Turkish Daylights: Water
Recently I found myself comforting a dear friend who was crying uncontrollably. One of the first things that came to my mind was to fetch a glass full of water and to make her drink a few sips to make her calm down.
The next day, when my friend’s sorrow had faded, she jokingly told her mum about the incident and that I’d brought her some water: “No one has ever given me water before when I’ve been upset. I was wondering why she was doing it. Maybe to recover the tears I had cried?”
Recurring to water in such a situation is without doubt something I learnt in Turkey. I remember being surprised myself, at first, when the answer to fainting or crying seemed to be water.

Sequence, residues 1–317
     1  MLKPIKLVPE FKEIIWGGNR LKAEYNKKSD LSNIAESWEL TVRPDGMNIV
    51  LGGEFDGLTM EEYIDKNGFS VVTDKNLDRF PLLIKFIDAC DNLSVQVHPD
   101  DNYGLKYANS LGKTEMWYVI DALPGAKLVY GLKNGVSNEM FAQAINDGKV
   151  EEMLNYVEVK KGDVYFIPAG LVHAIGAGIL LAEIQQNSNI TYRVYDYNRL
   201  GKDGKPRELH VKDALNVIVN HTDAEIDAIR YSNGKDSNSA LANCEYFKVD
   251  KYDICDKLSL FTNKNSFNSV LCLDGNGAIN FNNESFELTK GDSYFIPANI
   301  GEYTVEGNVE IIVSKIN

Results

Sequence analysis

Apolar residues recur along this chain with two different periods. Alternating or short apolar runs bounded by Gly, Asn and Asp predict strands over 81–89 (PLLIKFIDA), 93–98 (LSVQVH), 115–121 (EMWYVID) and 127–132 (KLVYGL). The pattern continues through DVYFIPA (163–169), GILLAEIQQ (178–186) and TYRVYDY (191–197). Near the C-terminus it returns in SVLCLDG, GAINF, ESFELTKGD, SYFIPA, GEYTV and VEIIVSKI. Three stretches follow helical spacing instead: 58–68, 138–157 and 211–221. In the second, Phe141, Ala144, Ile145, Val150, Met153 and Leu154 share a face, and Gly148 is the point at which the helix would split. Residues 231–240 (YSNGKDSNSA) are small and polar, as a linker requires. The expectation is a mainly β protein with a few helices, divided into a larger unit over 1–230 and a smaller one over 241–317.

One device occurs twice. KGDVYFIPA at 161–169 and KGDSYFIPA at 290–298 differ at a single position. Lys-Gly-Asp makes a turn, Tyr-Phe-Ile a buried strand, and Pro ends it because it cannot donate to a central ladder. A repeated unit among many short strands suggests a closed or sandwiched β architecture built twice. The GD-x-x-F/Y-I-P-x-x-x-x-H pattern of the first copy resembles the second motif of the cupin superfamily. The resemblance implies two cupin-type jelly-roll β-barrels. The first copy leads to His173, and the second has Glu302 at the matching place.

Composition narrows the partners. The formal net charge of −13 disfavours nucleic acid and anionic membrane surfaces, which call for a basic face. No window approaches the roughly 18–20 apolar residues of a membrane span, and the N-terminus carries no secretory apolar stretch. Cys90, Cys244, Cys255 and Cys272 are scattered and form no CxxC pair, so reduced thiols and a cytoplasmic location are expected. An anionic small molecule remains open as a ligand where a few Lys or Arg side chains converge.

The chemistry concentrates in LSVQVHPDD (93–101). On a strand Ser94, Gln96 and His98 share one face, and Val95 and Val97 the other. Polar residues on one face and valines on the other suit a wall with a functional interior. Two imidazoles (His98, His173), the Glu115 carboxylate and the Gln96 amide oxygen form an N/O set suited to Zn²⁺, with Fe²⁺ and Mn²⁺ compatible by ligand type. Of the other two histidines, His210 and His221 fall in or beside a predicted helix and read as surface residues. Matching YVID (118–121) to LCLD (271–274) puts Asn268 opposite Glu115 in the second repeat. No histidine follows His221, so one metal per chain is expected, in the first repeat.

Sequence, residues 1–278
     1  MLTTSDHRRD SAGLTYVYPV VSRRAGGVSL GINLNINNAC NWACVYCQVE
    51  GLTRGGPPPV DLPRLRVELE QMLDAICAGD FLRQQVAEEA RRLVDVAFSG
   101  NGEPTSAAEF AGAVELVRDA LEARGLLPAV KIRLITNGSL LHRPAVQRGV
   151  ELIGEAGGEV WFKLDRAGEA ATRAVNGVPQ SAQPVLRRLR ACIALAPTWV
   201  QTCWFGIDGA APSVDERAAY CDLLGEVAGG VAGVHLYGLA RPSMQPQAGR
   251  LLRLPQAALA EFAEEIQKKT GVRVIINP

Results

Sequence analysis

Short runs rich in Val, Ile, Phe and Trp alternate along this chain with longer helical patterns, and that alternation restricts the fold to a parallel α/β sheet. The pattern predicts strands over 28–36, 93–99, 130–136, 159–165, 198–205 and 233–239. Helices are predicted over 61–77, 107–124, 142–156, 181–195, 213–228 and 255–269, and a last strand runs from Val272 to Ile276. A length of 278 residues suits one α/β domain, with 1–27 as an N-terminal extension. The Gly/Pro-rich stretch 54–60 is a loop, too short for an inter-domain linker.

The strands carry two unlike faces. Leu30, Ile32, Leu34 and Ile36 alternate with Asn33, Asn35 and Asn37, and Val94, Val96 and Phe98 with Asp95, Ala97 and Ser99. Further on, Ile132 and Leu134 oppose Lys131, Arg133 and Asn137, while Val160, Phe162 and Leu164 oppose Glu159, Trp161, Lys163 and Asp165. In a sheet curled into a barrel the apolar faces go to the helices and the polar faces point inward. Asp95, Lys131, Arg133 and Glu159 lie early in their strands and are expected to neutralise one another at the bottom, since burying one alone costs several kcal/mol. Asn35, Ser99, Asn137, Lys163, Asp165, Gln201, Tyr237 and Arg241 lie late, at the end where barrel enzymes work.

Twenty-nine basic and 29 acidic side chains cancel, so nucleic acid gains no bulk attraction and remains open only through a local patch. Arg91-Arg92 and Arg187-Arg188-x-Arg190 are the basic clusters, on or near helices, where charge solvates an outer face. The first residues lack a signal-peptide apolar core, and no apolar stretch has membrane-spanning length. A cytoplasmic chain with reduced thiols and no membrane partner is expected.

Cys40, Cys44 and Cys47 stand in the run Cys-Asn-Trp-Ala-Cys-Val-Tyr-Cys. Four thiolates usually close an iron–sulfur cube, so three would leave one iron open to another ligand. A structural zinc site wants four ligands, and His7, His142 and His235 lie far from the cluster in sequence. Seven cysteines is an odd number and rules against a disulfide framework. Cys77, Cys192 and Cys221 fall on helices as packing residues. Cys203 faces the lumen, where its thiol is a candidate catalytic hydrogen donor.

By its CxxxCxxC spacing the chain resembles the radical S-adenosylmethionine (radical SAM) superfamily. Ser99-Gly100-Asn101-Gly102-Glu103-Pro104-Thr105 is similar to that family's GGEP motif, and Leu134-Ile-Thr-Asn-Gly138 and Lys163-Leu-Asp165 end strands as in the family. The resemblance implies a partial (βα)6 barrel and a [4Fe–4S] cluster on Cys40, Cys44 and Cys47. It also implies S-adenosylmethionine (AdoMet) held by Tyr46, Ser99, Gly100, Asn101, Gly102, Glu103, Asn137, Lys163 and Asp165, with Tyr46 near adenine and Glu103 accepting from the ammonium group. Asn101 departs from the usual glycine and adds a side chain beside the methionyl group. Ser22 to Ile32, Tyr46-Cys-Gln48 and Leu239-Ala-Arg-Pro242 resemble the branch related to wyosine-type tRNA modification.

In the Turkish culture water is of special importance. The climate is very hot so it’s of utmost importance to hydrate oneself to a sufficient extent. Water holds a sacred and spiritual meaning, too. After saying a prayer, people tend to move their hands over their faces as if they were washing them with water. This gesture is performed to make their prayers be acknowledged, in such a way as saying amen.
Water also has its place in other everyday life situations. A tradition that I particularly like is the act of pouring water behind a person leaving on a journey. This means you wish the person a smooth trip, as effortless as water flows. The matching saying is Su gibi git, gel which translates into “Go and come back like water”.
It most certainly is no coincidence that one of Turkey’s bottled water brands is called hayat, life. Water is life.
Is there any common custom involving water in YOUR culture that you would like to share?